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AARP Offers Tips and Advice on How Older Adults Can Stay Safe and "Beat the Heat"

Beat the Heat!

Today, AARP is releasing key tips and advice to help residents stay safe and cool. Staying cool during a blistering summer can mean the difference between life and death, as more Americans die from heat waves than all other natural disasters combined.

Older adults stand a greater risk of heat stroke or heat exhaustion because their bodies do not easily adjust to changes in temperature, making it critically important for people to check on older family, friends, or neighbors, especially those without air conditioning in their homes who accounted for more than 80% of heat stroke deaths in New York City in recent years. The HEAP Cooling Assistance program assists low-income New Yorkers with the cost of cooling their homes. To see household eligibility requirements click here or visit www.otda.ny.gov.

AARP is reminding New Yorkers to be aware of the warning signs of heat stroke, which include feeling dizzy, faint or nauseous, and experiencing cramping in the arms or legs. A person’s pulse may be fast and weak, and their body temperature will be above normal. Body temperatures above 103 degrees can lead to death or permanent damage to the brain and other organs.

Symptoms of heat-related illness can be slow to develop and often the person is unaware that they are in any danger.

To combat heat-related illness, AARP New York recommends older adults:

  • Stay indoors and in an air-conditioned environment as much as possible.
  • Plan strenuous outdoor activities for early or late in the day when temperatures are cooler.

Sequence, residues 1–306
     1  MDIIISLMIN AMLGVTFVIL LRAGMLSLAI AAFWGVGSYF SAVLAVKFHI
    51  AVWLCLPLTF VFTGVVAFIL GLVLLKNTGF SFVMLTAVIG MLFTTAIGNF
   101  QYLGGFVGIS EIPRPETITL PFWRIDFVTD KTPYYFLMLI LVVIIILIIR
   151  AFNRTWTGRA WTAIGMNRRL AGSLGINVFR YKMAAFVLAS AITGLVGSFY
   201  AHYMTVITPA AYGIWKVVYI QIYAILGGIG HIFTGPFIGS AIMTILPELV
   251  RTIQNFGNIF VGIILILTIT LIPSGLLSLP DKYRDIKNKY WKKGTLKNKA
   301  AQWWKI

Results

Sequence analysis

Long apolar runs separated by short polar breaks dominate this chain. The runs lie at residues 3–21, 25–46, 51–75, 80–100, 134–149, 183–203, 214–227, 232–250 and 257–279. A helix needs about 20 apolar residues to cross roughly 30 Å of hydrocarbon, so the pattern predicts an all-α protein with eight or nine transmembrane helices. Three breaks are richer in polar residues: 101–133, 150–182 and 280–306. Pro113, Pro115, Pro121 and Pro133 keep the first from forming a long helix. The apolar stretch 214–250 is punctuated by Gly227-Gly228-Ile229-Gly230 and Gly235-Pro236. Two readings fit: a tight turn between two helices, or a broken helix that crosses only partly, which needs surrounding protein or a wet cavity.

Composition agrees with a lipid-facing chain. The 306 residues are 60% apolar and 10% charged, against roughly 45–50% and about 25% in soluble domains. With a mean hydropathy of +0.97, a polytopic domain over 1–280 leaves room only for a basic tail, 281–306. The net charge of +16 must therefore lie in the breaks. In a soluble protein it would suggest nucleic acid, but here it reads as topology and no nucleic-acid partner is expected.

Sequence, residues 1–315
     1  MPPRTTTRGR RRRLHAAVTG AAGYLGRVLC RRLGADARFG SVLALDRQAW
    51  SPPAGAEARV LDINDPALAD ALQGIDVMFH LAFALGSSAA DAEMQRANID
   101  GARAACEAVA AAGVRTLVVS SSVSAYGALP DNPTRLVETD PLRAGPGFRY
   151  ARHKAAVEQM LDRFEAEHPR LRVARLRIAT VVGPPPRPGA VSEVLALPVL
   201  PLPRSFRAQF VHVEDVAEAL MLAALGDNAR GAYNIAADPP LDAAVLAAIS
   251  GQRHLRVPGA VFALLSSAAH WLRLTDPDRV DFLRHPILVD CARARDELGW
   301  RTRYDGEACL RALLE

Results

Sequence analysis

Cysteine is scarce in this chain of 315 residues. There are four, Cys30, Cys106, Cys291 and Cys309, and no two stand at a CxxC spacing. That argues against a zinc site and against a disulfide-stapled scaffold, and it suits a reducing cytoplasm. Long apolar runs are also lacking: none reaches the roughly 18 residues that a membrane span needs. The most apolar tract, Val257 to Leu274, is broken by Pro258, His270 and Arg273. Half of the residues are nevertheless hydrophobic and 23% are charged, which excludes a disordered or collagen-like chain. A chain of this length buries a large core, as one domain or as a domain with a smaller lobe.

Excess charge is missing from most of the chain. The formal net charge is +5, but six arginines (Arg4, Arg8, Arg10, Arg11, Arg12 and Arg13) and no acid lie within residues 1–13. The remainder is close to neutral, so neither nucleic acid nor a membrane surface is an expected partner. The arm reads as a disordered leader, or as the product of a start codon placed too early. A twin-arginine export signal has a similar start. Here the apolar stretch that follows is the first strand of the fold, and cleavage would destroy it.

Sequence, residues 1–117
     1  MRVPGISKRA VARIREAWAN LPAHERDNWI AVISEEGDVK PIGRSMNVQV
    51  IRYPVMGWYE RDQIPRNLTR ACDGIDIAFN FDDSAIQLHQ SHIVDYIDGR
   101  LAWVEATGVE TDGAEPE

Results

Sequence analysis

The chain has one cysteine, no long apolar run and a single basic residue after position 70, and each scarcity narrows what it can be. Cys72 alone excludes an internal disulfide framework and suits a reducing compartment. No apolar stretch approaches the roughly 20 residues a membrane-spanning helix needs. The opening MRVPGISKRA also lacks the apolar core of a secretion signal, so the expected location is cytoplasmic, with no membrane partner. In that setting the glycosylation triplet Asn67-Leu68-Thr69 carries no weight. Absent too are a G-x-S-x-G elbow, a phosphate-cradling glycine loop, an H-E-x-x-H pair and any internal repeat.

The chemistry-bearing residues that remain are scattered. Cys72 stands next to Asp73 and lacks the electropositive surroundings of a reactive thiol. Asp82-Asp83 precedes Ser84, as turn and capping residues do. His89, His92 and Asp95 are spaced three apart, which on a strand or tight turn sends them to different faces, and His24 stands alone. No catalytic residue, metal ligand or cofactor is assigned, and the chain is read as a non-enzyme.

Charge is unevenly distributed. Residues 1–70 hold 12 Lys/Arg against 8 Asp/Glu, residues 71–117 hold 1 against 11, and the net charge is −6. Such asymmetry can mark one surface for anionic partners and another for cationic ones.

• Take frequent breaks when working outdoors.
  • Drink plenty of fluids but avoid beverages that contain alcohol, caffeine or a lot of sugar.
  • Eat more frequently but make sure meals are balanced and light.
  • Check frequently on people who are elderly, ill or may need help. If you might need help, arrange to have family, friends or neighbors check in with you at least twice a day throughout warm weather periods.
  • Salt tablets should only be taken if specified by your doctor. If you are on a salt-restrictive diet, check with a doctor before increasing salt intake.
  • If you take prescription diuretics, antihistamines, mood-altering or antispasmodic drugs, check with a doctor about the effects of sun and heat exposure.
  • Cover windows that receive morning or afternoon sun. Awnings or louvers can reduce the heat entering a house by as much as 80 percent.
  • Wear a wide-brimmed hat, sun block and light-colored, loose-fitting clothes when outdoors.
  • At first signs of heat illness (dizziness, nausea, headaches, muscle cramps), move to a cooler location, rest for a few minutes and slowly drink a cool beverage. Seek medical attention immediately if you do not feel better.
  • Avoid extreme temperature changes. A cool shower immediately after coming in from hot temperatures can result in hypothermia, particularly for elderly or very young people.

If the power goes out or air conditioning is not available:

  • If air conditioning is not available, stay on the lowest floor out of the sunshine.
  • Ask your doctor about any prescription medicine you keep refrigerated. (If the power goes out, most medicine will be fine to leave in a closed refrigerator for at least 3 hours.)
  • Keep a few bottles of water in your freezer; if the power goes out, move them to your refrigerator and keep the doors shut.
  • Find a local cooling center such as a library or senior center. Call your local town government or visit their website to find where the centers are located. In New York City, call 311 or visit www.nyc.gov.
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